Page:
Cardiovascular Health

Cardiovascular disease is one of the most prevalent diseases in our nation, especially among the mature population. Heart disease and stroke are responsible for about 43% of all U.S. deaths. According to the Encyclopedia of Natural Medicine, these two conditions are a result, typically, of hardening of the artery walls (atherosclerosis) . . .

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What Is Cardiovascular Disease?

When the arteries are blocked, blood flow does not get to the heart which results in damage to the heart (or what we typically call a heart attack). When the artery that supplies blood to the brain becomes blocked, the result is stroke. Atherosclerosis is largely a result of diet and lifestyle, so a heart attack or stroke can be delayed or avoided by changing to a more healthy diet and lifestyle.

Risk Factors

Many activities factor into the risk of heart disease. The factors most people think of are smoking, diet high in fat and cholesterol, physical inactivity, diabetes, and so on. But other factors have been shown to be more significant than these more well-known factors. Such factors include:

  • homocysteine levels. For more details on homocysteine and its relationship to cardiovascular disease, read Homocysteine: The New Risk Factor for Heart Attack and Stroke.
  • levels of antioxidants in the body, the lack of which enables oxidative damage to occur. For information on how to prevent oxidative damage, see Antioxidants and Their Role in Preventing Oxidative Damage to Blood Vessels.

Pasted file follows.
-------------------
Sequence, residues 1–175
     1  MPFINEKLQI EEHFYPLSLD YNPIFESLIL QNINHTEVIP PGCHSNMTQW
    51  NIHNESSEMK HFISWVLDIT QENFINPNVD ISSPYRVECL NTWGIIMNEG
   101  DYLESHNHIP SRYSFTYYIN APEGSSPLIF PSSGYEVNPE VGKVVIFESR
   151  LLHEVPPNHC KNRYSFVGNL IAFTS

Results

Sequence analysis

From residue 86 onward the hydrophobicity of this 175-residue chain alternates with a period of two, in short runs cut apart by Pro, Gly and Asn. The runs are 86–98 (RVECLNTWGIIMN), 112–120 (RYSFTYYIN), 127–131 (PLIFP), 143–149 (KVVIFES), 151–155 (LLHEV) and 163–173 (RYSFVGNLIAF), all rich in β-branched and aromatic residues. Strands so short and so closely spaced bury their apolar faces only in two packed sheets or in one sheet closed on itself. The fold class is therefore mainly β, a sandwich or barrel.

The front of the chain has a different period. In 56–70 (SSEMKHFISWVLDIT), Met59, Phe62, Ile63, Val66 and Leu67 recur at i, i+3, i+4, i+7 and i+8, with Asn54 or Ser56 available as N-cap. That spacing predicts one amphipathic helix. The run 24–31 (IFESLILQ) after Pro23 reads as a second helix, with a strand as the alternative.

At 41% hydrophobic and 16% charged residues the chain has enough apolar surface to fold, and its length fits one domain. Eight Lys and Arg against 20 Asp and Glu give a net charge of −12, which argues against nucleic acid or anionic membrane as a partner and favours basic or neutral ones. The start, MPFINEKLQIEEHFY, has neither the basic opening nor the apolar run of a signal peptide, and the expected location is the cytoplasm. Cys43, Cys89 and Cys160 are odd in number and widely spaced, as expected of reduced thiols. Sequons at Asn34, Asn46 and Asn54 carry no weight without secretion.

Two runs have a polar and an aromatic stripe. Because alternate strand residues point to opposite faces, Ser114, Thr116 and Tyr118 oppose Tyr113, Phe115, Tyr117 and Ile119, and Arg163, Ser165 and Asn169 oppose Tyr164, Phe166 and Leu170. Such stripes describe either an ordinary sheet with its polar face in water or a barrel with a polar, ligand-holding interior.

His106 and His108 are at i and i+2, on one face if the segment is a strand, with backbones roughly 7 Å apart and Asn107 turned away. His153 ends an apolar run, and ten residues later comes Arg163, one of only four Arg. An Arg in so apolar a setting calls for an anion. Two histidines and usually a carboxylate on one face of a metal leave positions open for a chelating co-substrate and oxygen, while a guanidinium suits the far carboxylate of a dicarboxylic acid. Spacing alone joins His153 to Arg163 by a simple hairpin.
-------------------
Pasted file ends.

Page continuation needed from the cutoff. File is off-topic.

• excessive blood platelet stickiness.


Ultimately, the most effective treatment for lowering homocysteine has been found to be a combination of vitamin B12, folic acid, and vitamin B6. The type of B12 used is very important. One form of B12 is called cyanocobalamin. Note that the prefix cyano- does refer to cyanide! Hydroxycobalamin or methylcobalamin are preferred forms to take.

Studies have shown that the amino-acid derivative SAM-e (s-adenosylmethionine) is low in patients with Alzheimer’s disease. So treatment of homocysteine levels should also include SAM-e*, vitamin C (Buffered C), vitamin E, and other antioxidants.

[* Note that Bevko’s SAM-e already includes B12 and folic acid in the formulation.]

Other nutrients the body uses to maintain vascular health include coenzyme Q-10, lipoic acid, and quercetin.


As mentioned earlier, diet and lifestyle are significant in preventing cardiovascular disease. There are a number of things we can do to improve our cardiovascular health, including:

  • increasing consumption of fiber-rich plant foods. A good way to do this is by following an alkaline diet, which is rich in plant foods. An alkaline diet is important because our bodies are supposed to be slightly alkaline, but the modern diet creates a state in which most people have an acidic environment. An acidic environment develops when we eat mostly acidic foods: too much animal protein, sugar, caffeine, and processed foods. These foods can deplete the body of vitamins and minerals, including calcium and magnesium, which are important to health.
  • eliminating animal products (with the exception of cold-water fish) to reduce consumption of fat and cholesterol.
  • eliminating both caffeinated and decaffeinated coffee.
  • achieving your ideal body weight.
  • drinking at least 8 glasses of water (pure water, not from the tap) every day.


Aerobic exercise is very important for reducing risk of cardiovascular disease. Exercise can lower cholesterol, improve the blood supply to the heart and brain, reduce blood pressure, and help achieve your ideal body weight. If you have led a sedentary lifestyle, you should check with your doctor before starting any exercise regimen.